Up and Down, Up and Down - Canada's Future Children Population
by William Warren Munroe, July 1, 2014

Happy Birthday Canada! Born in 1867, you are almost 150 years old, the youngest member of the G8 industrialized nations. With below replacement fertility and the last of the Boomers soon to be aging out of the workforce, what does the future look like?

Recent demographic trends show that the number of children under 5 years of age in Canada declined then rose again between 1996 and 2011. Using the cohort change ratios method we can see what the future would look like if current trends continue...

Figure 1: Under 5 year olds and 25 to 34 year old females1

As the number of females 25 to 34 years of age rose and fell (boom bust echo) so did the number of those under 5. If current trends continue, the number of young children will likely continue to rise and fall between 1.7 and 2 million. Fluctuating numbers of people per age group makes planning difficult for community members. May I suggest not closing elementary schools permanently, but rather, keep them open and enjoy the extra room during the lows and enjoy the diversity during the highs.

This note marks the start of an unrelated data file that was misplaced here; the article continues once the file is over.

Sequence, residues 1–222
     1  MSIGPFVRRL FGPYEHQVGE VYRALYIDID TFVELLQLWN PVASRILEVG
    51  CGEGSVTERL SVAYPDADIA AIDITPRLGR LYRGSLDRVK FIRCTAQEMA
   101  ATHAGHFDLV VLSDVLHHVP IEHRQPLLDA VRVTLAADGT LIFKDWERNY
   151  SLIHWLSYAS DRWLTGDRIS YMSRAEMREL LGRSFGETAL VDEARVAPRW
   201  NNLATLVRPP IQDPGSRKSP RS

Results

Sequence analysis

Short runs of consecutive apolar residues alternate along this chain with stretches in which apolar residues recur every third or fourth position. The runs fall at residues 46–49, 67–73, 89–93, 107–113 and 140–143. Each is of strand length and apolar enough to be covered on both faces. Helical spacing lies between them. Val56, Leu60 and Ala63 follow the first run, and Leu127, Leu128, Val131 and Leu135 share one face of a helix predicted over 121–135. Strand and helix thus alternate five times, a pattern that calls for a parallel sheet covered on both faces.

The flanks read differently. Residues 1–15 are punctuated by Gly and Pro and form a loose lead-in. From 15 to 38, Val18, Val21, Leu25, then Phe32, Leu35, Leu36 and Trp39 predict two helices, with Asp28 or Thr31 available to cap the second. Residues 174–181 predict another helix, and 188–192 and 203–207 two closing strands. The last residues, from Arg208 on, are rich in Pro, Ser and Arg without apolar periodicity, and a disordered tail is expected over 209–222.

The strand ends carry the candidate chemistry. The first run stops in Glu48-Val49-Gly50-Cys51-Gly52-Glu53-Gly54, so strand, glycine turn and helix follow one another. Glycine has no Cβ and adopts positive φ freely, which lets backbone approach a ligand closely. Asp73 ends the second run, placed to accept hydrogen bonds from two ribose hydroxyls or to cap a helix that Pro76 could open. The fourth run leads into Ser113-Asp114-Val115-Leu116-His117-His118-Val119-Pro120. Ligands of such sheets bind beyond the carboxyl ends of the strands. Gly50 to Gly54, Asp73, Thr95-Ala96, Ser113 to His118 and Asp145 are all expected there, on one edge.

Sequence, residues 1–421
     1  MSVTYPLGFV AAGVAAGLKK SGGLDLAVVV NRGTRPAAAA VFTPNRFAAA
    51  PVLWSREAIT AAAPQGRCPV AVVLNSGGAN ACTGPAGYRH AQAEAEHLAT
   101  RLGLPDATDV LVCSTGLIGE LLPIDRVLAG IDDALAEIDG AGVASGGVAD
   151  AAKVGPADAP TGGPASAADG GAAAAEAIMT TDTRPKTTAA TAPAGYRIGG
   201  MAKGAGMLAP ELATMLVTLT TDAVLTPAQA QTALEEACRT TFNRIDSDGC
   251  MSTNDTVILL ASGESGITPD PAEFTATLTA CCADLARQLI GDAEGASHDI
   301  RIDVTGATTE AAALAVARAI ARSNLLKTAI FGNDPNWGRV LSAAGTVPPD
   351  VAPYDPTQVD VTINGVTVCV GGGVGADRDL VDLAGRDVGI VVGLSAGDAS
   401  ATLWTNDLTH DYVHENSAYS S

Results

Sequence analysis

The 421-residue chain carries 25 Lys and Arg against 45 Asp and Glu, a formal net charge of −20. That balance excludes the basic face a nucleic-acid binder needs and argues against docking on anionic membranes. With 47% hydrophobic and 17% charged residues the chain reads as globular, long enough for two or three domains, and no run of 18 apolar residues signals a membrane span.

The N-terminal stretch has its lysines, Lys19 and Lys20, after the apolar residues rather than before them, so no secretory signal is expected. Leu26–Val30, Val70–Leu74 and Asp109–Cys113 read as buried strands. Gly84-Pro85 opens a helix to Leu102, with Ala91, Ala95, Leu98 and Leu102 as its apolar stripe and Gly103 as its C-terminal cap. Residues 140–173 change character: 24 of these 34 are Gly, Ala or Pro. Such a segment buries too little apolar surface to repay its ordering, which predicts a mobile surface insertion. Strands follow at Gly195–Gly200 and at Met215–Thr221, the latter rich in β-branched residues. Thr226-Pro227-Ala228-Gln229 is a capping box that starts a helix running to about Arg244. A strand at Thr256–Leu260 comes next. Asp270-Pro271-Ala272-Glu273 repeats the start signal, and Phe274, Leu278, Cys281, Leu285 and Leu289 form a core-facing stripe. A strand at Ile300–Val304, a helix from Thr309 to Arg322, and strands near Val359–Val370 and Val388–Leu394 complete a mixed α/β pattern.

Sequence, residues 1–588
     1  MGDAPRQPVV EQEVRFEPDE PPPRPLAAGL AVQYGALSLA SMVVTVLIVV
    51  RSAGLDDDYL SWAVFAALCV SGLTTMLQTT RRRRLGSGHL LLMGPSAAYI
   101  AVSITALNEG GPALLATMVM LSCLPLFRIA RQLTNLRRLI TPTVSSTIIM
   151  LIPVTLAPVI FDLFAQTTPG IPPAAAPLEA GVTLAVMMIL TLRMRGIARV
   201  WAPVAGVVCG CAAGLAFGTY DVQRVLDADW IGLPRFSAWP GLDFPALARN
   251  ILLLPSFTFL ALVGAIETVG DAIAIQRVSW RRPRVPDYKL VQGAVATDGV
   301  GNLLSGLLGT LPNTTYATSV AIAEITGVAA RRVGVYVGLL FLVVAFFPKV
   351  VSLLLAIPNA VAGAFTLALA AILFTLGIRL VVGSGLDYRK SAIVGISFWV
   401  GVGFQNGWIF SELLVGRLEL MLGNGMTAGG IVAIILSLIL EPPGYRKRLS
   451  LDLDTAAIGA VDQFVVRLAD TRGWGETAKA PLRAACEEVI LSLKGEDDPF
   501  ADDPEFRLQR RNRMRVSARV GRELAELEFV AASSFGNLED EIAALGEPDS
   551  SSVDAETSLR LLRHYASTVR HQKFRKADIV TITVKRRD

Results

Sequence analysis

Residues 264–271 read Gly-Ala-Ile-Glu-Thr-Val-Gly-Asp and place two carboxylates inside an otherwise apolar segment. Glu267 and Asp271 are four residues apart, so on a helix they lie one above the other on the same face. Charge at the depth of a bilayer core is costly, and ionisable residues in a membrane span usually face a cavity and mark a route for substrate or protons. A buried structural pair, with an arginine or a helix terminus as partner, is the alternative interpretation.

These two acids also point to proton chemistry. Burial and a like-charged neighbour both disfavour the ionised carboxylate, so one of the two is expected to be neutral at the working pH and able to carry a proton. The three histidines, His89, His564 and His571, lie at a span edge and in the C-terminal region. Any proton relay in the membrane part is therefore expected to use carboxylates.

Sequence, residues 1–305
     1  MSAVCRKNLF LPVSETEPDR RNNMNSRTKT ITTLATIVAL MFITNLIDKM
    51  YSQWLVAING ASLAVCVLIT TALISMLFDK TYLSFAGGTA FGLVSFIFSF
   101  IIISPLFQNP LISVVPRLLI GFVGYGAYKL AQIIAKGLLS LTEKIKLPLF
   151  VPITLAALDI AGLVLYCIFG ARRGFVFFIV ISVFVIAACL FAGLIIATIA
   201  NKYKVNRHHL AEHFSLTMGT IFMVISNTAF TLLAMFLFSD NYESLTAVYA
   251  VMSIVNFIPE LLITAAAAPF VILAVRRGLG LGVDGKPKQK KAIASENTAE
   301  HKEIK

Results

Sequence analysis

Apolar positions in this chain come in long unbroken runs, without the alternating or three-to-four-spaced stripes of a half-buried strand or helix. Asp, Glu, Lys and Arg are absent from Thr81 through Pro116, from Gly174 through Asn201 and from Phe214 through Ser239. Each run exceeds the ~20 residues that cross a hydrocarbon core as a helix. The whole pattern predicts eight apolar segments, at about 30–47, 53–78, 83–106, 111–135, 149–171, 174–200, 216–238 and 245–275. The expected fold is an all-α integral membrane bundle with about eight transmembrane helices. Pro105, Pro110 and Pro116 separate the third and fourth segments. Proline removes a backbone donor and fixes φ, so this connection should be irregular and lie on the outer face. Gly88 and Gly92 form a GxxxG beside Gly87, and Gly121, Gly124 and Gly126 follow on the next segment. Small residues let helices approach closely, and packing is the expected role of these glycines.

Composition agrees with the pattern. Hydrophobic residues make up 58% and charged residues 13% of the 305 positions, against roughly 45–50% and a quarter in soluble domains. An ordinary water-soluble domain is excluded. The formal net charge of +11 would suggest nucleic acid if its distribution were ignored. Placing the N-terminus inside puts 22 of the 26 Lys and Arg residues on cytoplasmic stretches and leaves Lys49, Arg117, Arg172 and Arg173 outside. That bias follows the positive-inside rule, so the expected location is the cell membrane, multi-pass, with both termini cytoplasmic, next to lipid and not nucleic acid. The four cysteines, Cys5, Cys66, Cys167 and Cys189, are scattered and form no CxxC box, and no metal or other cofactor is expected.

What do you think?

Endnotes and Sources:

1 The figures for 1996, 2001, 2006, and 2011 are adapted from Statistics Canada, 1996, 2001, 2006, and 2011 Census of Population counts, by William Warren Munroe. The projections (2016 plus) are developed referring to the 1996, 2001, 2006, and 2011 census counts using the cohort change ratios method.

Statistics Canada. 2012. Population and dwelling counts, for Canada, provinces and territories, 2011 and 2006 censuses (table). Population and Dwelling Count Highlight Tables. 2011 Census. Statistics Canada Catalogue no. 98-310-XWE2011002. Released February 8, 2012. http://www12.statcan.ca/census-recensement/2011/dp-pd/hlt-fst/pd-pl/File.cfm?T=101&SR=1&RPP=25&PR=0&CMA=0&S=50&O=A&LANG=Eng&OFT=CSV (accessed February 08, 2012). For further information, refer to: http://www12.statcan.gc.ca/census-recensement/2011/dp-pd/hlt-fst/pd-pl/Notes-eng.cfm.

Related Reading

Population Projection Project for Canada's Census Areas

Population Projections for the Parksville Census Agglomeration

Why are Statistics Canada's projections so high compared to the United Nations and the Cohort Change Ratios projections?

Why so different?

Government population projections for BC reflect an "up and to the right" aspiration, while the cohort change ratios method shows BC's population growth slowing, and levelling out. Read a "A Comparison of Population Projections for BC"...

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